In only four short years, manufacturer and designer Frederick Bouchardy, along with Ulrich Lang and Jeffrey Lawson, created Elements, a highly curated beauty show offering niche, luxury and artisan brands, well known among industry insiders. Attendees of Elements range from buyers for department stores and museum shops, to owners of design, lifestyle and fashion boutiques looking for beauty’s next up and comers.

And whether by choice or by circumstance, each year Elements seems to morph into something else. For example, last year’s show theme was Metals of Antiquity: Gold, Silver, Lead and Mercury, among others. This year’s theme was a partnership with Capsule, the global fashion and lifestyle trade event specializing in the high-end, contemporary market. Element’s Women’s Show recently took place at Pier 94, moving from their usual Skylight West’s Hudson Yards showroom location. The collaboration continues this January for the New York Men’s show and again a month later in Las Vegas.

“Last year’s show brought more than 3,000 people,” said Fredrick. “This year [with our collaboration with Capsule] that number will triple.” In the past, the number of exhibitors has hovered between 60 and100; Fredrick admitted this show was indeed smaller. “This year there’s more focus on lifestyle,” he said. “We went back to our roots and were extremely edited.” He added that brands need to feel they’re connecting to the right buyers and vice versa. “The whole point of Elements is that it’s supposed to have a perspective. It’s our own point of view,” he said. “We want to expose these brands to the best buyers of North America.”

According to Fredrick, Capsule aimed to infuse some excitement into their apothecary department. And Elements wanted to introduce more directional fashion integration and retailers into what they were doing. “We have a firm grasp on the department store and the beauty shop buyer,” he said. “And we wanted to give our clients exposure to something new. It’s a joint venture, in a very different space which works extremely well since we have our own destination wing.”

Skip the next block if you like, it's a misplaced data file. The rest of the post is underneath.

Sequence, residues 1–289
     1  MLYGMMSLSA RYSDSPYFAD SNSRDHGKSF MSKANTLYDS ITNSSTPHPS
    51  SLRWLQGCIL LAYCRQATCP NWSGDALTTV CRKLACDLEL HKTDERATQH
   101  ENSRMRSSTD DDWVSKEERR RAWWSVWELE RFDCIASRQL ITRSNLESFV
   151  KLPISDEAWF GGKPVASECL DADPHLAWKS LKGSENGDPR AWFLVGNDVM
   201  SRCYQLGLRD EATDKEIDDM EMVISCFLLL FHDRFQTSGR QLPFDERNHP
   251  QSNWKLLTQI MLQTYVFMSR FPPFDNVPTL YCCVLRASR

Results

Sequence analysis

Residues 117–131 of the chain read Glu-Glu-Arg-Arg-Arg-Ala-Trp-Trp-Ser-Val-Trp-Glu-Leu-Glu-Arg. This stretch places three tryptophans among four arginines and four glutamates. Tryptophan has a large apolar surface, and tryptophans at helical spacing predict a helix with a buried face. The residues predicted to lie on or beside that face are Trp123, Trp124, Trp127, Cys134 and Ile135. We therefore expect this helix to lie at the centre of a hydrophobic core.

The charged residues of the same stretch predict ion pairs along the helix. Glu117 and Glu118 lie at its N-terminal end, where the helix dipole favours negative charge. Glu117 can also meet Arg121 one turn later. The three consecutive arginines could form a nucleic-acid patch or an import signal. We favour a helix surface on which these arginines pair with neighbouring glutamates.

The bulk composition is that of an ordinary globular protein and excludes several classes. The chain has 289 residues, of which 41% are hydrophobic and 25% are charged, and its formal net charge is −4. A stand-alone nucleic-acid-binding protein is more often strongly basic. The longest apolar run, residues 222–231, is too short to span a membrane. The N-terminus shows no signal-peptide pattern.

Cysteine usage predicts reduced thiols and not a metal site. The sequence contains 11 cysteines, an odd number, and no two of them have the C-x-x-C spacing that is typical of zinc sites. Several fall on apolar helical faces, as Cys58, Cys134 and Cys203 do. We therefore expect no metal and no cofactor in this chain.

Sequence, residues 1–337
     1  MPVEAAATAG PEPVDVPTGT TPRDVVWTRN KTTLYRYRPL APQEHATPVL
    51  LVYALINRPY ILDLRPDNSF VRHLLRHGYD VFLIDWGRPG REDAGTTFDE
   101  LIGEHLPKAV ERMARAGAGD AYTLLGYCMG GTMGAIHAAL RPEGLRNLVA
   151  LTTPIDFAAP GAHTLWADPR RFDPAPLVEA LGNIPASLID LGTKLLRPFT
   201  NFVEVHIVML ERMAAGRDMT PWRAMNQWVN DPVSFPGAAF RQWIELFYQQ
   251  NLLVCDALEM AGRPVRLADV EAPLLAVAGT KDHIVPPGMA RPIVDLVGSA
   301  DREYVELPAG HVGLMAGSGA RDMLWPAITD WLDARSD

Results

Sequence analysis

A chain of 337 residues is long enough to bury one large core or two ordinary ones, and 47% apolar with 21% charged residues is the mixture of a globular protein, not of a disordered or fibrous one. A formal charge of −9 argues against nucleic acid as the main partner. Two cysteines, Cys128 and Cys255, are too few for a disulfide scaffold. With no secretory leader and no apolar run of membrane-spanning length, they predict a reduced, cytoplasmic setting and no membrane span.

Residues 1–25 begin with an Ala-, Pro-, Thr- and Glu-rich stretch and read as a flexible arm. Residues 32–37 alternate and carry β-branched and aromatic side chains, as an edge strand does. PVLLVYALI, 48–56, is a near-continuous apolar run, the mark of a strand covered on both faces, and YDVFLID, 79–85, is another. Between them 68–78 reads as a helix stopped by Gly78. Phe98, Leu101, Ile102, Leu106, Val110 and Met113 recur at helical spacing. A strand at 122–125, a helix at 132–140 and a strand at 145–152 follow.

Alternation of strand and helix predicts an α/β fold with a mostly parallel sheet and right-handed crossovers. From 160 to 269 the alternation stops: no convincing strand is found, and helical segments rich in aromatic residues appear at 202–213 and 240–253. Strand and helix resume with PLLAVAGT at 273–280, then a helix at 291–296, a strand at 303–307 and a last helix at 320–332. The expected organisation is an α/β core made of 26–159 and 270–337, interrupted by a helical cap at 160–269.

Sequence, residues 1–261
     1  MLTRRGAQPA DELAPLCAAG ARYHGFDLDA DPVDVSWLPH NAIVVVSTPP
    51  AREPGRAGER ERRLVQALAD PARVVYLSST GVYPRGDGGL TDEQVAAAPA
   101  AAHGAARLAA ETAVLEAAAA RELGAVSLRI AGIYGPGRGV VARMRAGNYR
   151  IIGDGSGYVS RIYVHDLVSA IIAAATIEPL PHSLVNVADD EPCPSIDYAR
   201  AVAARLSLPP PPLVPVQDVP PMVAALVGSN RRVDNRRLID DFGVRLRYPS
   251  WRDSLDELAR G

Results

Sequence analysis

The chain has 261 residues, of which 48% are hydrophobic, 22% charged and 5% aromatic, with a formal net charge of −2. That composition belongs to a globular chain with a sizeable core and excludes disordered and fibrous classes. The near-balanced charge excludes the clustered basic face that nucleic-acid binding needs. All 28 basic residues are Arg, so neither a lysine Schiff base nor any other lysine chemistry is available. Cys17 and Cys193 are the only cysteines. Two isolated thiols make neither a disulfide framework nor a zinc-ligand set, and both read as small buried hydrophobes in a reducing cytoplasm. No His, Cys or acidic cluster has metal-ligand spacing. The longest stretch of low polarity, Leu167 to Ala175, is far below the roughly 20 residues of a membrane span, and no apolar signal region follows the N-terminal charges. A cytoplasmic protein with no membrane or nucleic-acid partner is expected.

At this year’s event 35 brands were represented. Exhibitors included 1st Femme Fragrance, Atelier Lumira, Balbec Beauty, Biography Scents of Self, Carrière Frères, Culti Milano, David Jourquin, Etre’, Il Profvmo, Immunocologie, Lalique Voyager de Parfumeur, Liftlab Skin Regeneration, Nomaterra Fragrances, Sophie Blake, Sospiro-Kemi, and Villa of the Mysteries, among others. Fragrances had the greatest presence.

In honor of the collaboration between Capsule and Elements, Beauty Insider coupled together some of Elements’ purveyors to reveal some trends.

  • Two cosmetic brands seemed to be showing off a glossy face this year. The first was Brooklyn-based Armour Beauty, created by rocker/model and mom, Theo Kogan. The line offers naturally-based, long wearing, Rock ‘N’ Roll Lip Gloss, named after icons, songs or bands. And, there was Kjaer Weis, the luxury organic makeup line with a refillable jewelry-like compact system. Created by Danish-born, New York-based makeup artist, Kirsten Kjaer Weis, packaging is designed by award-winning creative director, Marc Atlan.